How to make a home fire escape plan with your family

Local News

(ABC4) – In late March, a house fire that occurred overnight killed an 11-year-old girl in East Carbon. A separate blaze on Monday night destroyed a Kaysville home that had caught fire before.

Recent house fires across the state offer a sad reminder that these disasters can occur without warning and have tragic results. Fortunately, preparation and practice are proven to reduce chances of panic and injury in the case of a fire, according to Unified Fire Authority.

Here’s some information from Unified Fire Authority on how to make and practice a home fire escape plan with your family.

Plan Ahead

The first step to avoiding a home fire is to plan ahead, Unified Fire’s website says. Installing smoke detectors throughout the home can save lives and provide more time for an escape.

According to the National Fire Protection Association, smoke detectors should be installed inside each bedroom, outside each sleeping area, and on every level of the home, including the basement. Levels without bedrooms should have alarms installed near the stairway to the upper level and in the living room.

Unified Fire cautions people to sleep with closed bedroom doors. It takes 10 to 15 minutes for flames to burn through a wooden door, which can buy more escape time.

Another part of planning ahead is having a home fire escape plan in place that the whole family knows to follow, and practice it.

Practice

According to a video from the Utah Department of Public Safety, 71% of people responding to a survey said they have a fire escape plan, but only 47% had practiced the plan.

The Department recommends practicing your plan at least twice a year with everyone who lives in the home.

Unified Fire Authority says families should practice exit drills, as “trained and informed people have a much better chance to survive fires in their home.”

“The best thing to do is having a plan,” Patrick Costin, Unified Fire Public Information Officer, says. “The first thing is, just discuss it. If this happens, this is what we’re going to do.”

“We always tell people, feel free to practice with your kids- walk through the house, practice climbing out of windows…” he adds.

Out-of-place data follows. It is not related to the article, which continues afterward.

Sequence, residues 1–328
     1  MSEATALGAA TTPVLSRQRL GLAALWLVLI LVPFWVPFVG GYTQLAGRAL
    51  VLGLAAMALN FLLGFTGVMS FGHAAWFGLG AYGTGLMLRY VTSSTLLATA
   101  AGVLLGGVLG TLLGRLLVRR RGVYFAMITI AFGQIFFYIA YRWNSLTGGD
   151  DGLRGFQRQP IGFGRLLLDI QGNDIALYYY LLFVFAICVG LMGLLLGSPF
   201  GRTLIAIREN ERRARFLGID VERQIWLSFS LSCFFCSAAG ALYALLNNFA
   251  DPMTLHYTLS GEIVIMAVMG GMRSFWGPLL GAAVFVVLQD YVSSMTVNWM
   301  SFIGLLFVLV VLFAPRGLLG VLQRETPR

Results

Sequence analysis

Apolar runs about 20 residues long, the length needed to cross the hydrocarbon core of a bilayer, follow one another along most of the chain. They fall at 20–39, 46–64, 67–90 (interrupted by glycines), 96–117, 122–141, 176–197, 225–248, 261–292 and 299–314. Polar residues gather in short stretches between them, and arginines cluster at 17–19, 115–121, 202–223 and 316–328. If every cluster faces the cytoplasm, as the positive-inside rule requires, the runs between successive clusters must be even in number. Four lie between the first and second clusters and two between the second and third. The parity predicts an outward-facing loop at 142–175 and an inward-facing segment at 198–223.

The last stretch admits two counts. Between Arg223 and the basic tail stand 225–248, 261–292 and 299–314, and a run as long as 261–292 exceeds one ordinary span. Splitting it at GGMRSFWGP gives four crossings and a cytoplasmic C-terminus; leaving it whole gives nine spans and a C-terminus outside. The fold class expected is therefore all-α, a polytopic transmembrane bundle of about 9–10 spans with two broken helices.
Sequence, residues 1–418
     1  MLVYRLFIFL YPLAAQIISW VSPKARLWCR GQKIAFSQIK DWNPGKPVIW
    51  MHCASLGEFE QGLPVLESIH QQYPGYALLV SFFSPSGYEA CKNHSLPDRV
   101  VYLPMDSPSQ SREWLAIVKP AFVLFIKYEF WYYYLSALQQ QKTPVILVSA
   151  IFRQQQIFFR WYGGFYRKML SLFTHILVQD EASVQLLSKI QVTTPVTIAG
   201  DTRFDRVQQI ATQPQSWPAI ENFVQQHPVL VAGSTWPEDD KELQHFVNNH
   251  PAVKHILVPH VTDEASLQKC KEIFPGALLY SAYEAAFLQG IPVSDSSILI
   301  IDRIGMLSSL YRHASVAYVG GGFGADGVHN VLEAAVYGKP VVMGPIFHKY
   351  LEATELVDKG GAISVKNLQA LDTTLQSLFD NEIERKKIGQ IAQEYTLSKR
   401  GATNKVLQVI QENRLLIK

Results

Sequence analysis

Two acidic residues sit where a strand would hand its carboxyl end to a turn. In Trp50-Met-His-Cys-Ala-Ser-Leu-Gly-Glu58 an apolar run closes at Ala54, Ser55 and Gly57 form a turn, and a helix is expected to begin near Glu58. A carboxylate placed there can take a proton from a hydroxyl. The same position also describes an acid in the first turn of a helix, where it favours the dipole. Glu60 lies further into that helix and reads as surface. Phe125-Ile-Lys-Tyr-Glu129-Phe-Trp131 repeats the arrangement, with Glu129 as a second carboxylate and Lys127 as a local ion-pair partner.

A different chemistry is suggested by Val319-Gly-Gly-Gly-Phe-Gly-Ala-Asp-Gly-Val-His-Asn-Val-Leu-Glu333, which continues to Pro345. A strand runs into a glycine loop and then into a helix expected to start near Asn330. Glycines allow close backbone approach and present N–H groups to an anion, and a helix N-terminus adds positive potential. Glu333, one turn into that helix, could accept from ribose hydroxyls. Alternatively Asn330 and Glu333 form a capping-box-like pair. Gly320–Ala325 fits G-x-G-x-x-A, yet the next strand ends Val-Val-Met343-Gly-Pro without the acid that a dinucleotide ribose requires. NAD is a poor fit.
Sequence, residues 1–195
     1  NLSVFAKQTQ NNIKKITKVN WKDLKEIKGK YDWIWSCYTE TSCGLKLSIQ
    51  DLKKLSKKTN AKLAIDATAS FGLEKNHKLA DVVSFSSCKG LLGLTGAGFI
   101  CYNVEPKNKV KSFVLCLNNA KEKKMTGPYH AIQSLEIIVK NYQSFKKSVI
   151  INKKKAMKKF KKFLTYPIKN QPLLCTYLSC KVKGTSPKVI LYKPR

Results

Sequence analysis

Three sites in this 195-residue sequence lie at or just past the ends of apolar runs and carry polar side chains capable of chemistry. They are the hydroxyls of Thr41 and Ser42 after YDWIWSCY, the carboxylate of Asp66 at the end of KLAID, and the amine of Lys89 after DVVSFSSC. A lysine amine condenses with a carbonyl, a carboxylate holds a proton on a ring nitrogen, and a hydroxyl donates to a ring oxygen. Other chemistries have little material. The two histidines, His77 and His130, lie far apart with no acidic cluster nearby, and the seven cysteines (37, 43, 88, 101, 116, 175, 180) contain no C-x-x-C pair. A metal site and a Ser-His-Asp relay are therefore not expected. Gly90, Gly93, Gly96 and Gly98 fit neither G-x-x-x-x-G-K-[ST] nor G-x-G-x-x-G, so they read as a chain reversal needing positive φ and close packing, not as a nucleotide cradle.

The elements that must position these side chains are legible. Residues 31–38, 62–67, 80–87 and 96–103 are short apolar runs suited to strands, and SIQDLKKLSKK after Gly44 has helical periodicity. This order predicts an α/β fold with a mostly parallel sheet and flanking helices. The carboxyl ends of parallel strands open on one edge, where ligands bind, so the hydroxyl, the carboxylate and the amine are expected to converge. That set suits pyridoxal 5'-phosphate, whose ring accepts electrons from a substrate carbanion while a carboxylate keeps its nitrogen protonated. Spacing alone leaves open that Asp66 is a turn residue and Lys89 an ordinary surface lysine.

Costin says it may be helpful to have kids practice climbing out of basement window wells than can be difficult to maneuver the first time.

When making a plan, keep in mind that residential fires usually occur when people are typically sleeping- from 8 p.m. to 8 a.m., and deaths occur in higher numbers from midnight to 4 a.m. Over 6,500 people die every year from fires, with more than half of those being children and senior citizens.

Here are some tips for making your home escape plan:

  • Each family member should know of two escape routes to get outside. Practicing these escape routes with children is especially important. Make sure that kids can do things like open windows, put down an escape ladder, and follow the escape route on their own in case parents can’t be there to help.
  • Practicing can also alert parents to any jammed windows that might be difficult for children to open in case of an emergency.
  • Parents can teach children about what to expect in the case of a house fire so they are better prepared if the situation arises. For example, in the case of heavy smoke, family members should crawl on the ground where smoke is lightest to get to the nearest exit.
  • Teach children to feel the backs of doors for heat. If the door is hot, don’t open it. Close doors and block vents between you and the fire to prevent smoke from coming through and to buy time.
  • Signal for help at a window with a flashlight or sheet.
  • Teach children not to hide if there is a fire, but to actively work on getting out of the house.
  • Finally, choose a meeting place outside where everyone knows to gather, such as a tree or mailbox. The meeting place should be located far enough away from the house to be safe from a fire. This will reduce confusion and let authorities and family members know if someone isn’t accounted for and may still be inside the home.
  • Do not re-enter the building once outside. Call 911 once outdoors.
  • You may have less than three minutes to get out of the house in case of a fire.

Visit unifiedfire.org and nfpa.org for more information on making a home fire escape plan.

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